I was surprised by the amount of hours I have to work each week in order to be successful. I work 60-plus hours per week in order to meet my goals, and this seems to be pretty typical in my field." (Financial Analyst; 2013)
"Just Start Small And Overtime Your Small Work Will Get Noticed And You Will Be Able To Expand...
Most people think that being an financial analyst is boring, but I love the job and people who I work with. While younger analysts such as myself tend to do a lot of data gathering, financial modeling and spreadsheet maintenance, more senior analysts tend to spend more of their time developing investment theses, speaking with company management teams and other investors, and marketing ideas (if they are on the sell-side)." (Financial Analyst; 2013)
"Invest In Yourself...
Everyone I encounter thinks I make a lot of money. I have a relatively standard pay but have many opportunities to advance in the future. They always ask me advise on what to buy as if I am a god that can predict the markets." (Financial Analyst; 2013)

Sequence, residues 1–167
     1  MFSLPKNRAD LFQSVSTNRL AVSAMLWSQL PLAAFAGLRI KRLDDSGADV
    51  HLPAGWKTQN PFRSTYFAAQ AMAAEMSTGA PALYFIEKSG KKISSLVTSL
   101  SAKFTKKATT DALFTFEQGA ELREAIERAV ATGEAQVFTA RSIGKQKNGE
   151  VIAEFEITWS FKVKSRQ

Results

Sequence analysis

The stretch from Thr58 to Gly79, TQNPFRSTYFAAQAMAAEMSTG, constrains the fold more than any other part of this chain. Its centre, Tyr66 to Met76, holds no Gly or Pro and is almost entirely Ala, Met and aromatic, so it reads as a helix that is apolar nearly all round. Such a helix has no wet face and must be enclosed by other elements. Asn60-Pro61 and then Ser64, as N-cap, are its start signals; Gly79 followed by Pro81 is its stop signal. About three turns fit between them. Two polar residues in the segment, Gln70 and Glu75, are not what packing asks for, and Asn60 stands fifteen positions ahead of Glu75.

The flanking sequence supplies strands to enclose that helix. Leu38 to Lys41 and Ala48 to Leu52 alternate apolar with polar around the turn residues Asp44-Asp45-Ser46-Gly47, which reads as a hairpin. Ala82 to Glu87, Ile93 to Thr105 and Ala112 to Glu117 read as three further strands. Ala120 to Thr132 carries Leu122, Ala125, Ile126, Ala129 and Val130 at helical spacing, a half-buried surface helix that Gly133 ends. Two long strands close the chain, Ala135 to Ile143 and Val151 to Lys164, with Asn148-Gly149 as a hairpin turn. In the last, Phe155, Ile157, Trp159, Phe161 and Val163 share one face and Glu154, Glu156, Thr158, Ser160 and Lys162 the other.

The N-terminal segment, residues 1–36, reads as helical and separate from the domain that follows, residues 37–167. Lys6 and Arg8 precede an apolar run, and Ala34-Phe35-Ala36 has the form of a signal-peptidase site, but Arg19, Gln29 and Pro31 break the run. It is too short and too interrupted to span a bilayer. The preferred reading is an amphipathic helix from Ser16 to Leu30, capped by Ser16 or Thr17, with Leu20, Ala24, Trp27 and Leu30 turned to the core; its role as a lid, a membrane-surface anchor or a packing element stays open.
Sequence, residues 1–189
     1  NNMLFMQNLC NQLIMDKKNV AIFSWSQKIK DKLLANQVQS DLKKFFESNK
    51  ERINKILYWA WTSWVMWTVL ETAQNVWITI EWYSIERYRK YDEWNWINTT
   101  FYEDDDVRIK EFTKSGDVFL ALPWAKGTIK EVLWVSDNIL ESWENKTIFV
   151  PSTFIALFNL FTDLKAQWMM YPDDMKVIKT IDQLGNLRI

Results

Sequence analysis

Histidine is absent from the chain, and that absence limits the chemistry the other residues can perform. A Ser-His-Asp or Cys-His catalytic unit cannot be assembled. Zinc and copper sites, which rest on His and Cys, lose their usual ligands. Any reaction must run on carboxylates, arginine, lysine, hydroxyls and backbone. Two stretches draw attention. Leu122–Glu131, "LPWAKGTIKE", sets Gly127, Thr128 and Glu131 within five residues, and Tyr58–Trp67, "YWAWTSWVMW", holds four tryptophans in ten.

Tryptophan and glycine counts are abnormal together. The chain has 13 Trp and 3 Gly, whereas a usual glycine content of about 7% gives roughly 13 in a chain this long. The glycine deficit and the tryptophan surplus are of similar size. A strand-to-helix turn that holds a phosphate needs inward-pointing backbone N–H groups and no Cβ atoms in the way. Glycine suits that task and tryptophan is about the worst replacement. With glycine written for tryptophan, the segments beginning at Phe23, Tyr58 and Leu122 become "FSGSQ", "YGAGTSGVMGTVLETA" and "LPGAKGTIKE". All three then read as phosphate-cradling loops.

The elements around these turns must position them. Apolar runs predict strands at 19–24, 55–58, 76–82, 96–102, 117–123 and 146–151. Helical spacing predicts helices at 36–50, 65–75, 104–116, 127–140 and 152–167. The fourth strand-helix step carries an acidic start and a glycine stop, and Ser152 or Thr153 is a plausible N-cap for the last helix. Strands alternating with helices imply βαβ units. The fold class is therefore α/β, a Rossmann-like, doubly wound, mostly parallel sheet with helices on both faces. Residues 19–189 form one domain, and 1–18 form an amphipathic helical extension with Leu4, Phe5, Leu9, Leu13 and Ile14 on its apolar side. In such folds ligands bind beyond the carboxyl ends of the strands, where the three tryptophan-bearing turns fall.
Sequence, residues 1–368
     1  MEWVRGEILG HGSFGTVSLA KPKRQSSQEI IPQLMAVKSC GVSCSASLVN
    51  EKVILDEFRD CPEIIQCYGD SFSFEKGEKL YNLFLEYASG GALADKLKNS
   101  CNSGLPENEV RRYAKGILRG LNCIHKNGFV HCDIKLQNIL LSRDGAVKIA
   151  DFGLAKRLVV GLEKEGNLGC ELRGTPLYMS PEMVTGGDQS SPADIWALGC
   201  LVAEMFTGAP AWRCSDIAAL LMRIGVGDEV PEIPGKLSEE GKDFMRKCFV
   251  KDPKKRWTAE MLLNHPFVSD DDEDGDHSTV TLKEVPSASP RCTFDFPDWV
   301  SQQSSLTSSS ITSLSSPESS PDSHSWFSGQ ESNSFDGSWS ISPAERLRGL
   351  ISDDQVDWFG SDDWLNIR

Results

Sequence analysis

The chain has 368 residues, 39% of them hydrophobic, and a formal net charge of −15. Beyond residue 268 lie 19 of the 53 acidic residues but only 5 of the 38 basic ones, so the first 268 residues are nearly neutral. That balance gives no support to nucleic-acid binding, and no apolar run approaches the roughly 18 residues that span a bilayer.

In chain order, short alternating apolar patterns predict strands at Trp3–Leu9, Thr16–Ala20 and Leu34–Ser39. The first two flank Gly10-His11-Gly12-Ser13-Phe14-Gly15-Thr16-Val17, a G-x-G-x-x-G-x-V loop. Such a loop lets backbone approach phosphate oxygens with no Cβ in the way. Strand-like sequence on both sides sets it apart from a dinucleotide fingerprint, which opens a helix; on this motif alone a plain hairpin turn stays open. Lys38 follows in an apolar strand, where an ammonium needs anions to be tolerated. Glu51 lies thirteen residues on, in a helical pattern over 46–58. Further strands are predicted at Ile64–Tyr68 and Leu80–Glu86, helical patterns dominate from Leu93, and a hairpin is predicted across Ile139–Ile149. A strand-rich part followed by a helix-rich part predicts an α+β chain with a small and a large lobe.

"Internships Are Helpful...
I was surprised by how much of what I learned is used on a day to day basis. Previously I had assumed I would be using very little of my knowledge gained but that is just not the case." (Financial Analyst; 2013)
"If You Want To Succeed, Be A Leader...
I was surprised at how much time must be spent tracking down payments from clients. Always give as much time as possible for payments, transfers, and approvals." (Small Business Owner; 2013)